Theme of choices and consequences in "Contents of a Dead Man's Pockets" 

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mwestwood eNotes educator| Certified Educator

W.W. Jacobs's story illustrates the adage "Be careful what you wish for." Sometimes this observation is expressed as "Be careful what you wish for, lest it come true." The three wishes that the Whites request do come true; unfortunately, these wishes have not been made carefully enough, despite the warnings of Sergeant Major Morris, who has told them that the last man who owned the monkey's paw made his third wish for death. 

After the old soldier who sells the monkey's paw to Mr. White departs, the Whites ignore even the final warning of the Sergeant Major to throw away the talisman, believing that he is just superstitious. They do not think through their wishes to the possible consequences because they let their immediate desires dictate what they ask the monkey's paw to give them. 

The first wish that Mr. White wishes for is suggested to him by his son Herbert, who takes a a rather cavalier attitude toward the talisman. For, when Mr. White tells his family that the soldier told him to toss the paw in the fire, Herbert says in mock horror,

"Likely...Why, we're going to be rich, and famous and happy. Wish to be an emperor. Father, to begin with: then you can't be bossed around."

When Mr. White expresses doubt about what to wish for, Herbert observes that his father would like to be clear of the mortgage on their house. "Well, wish for two hundred pounds, then that'll just do it."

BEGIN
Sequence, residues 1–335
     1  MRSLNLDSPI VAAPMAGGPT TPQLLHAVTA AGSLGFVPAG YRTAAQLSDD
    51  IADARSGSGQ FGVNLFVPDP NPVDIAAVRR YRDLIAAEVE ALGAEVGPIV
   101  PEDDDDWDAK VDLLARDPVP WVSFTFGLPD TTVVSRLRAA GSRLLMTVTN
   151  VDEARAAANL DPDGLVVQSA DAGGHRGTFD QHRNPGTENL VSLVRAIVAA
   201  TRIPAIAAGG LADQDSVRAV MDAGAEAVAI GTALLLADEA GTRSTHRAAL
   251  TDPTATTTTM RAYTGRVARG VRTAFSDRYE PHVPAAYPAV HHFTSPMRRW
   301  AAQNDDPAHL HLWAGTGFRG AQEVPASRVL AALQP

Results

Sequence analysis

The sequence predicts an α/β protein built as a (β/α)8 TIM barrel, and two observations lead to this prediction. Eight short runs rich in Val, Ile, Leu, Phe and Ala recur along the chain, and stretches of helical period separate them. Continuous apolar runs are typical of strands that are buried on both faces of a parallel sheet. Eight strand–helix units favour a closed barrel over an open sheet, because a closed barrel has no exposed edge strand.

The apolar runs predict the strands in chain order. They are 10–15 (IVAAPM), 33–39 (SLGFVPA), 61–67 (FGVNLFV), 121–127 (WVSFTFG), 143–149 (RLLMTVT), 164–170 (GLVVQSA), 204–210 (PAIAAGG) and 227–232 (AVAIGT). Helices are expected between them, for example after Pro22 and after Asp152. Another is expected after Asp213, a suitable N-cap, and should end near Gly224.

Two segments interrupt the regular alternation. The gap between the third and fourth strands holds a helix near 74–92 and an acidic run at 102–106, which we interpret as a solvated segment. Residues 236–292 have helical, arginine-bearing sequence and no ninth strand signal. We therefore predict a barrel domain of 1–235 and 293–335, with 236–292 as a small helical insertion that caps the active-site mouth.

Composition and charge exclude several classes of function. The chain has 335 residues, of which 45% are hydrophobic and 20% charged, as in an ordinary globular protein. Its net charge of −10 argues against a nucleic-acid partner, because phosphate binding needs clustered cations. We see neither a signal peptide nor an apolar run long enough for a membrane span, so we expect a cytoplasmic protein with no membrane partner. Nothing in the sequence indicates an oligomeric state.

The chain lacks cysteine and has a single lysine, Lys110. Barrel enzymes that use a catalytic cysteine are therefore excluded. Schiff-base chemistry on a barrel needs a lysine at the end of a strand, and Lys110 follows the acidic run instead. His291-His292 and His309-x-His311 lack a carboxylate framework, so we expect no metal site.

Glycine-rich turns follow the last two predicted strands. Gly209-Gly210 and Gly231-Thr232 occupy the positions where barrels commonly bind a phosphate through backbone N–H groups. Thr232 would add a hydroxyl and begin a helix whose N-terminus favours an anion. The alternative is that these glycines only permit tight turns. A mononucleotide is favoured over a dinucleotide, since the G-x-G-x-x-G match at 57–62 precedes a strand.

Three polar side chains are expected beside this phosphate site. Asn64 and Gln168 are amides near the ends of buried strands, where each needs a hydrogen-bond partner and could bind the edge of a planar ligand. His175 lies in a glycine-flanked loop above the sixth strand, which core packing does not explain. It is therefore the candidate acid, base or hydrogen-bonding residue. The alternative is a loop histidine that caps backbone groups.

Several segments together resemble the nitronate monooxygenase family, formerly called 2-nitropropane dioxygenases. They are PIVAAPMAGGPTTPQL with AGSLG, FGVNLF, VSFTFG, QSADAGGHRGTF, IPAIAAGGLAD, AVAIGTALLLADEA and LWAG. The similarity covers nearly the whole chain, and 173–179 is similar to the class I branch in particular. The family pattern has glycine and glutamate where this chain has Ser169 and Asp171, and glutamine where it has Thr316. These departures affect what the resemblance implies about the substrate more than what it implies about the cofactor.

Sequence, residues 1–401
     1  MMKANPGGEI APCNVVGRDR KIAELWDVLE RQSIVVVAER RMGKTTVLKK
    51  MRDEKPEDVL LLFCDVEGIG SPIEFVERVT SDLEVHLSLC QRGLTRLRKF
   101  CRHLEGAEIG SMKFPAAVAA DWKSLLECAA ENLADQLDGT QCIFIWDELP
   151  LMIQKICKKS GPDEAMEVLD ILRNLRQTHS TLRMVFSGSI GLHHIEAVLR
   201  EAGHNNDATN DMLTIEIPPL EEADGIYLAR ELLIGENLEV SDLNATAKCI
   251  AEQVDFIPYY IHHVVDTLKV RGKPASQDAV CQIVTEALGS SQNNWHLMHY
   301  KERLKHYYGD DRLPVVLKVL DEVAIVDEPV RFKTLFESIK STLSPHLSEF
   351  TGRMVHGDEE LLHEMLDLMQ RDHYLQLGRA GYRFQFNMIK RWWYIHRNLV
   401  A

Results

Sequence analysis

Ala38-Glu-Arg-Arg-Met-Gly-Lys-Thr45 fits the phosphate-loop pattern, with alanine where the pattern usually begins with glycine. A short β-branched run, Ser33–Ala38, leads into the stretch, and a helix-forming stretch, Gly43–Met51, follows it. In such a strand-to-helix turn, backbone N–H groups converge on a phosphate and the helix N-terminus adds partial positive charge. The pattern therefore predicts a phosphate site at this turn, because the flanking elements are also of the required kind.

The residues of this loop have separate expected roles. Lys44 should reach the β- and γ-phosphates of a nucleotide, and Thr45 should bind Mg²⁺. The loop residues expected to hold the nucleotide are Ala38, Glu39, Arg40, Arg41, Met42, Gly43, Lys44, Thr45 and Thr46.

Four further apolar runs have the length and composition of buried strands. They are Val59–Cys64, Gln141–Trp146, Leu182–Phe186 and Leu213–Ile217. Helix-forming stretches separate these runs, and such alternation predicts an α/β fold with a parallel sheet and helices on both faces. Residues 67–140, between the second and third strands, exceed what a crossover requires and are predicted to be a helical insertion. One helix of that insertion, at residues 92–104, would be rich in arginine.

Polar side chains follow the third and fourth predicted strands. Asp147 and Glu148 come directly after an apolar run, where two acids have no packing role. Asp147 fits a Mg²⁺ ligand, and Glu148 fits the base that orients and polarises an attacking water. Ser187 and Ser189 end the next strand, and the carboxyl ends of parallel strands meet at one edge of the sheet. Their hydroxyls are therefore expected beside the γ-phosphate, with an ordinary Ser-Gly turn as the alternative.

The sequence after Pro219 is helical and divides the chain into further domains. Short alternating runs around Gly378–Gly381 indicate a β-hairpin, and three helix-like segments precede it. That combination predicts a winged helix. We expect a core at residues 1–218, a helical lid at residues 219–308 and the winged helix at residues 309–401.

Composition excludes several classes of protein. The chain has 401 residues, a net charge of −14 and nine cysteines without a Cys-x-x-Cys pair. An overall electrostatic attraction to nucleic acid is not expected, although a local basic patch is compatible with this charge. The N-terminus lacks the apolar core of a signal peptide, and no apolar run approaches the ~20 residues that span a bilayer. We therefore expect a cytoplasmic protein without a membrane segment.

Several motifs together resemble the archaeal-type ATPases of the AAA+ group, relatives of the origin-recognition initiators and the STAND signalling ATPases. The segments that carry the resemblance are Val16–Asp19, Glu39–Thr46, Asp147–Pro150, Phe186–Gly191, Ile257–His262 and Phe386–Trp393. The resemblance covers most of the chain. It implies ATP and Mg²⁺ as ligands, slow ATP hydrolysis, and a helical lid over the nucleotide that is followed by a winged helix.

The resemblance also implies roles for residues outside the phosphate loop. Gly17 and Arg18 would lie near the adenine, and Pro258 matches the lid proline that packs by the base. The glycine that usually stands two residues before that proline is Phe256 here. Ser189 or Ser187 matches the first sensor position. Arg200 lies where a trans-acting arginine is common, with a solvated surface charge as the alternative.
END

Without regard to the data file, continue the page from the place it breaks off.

What Mr. White and Herbert forget to consider is from where this two hundred pounds will come. That is the tragic mistake that they make; for, two hundred pounds is the accidental death insurance payment on Herbert White. Needless to say, Mr. and Mrs. White are devastated over the death of their beloved son; now they are alone in their isolated location, and their days "were long to weariness."

Then, again the Whites do not think through their second wish because in her loneliness and grief, Mrs. White coerces her husband to wish for their dead son to return to life. "I wish my son alive again." But, the horrible consequences have not been thought of: Herbert was in a terrible accident. He returns to life, but he is a monstrous deformity. The Whites have no choice but to use their third wish to be as it was for the last person who owned the monkey's paw: death.

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Contents of the Dead Man's Pocket

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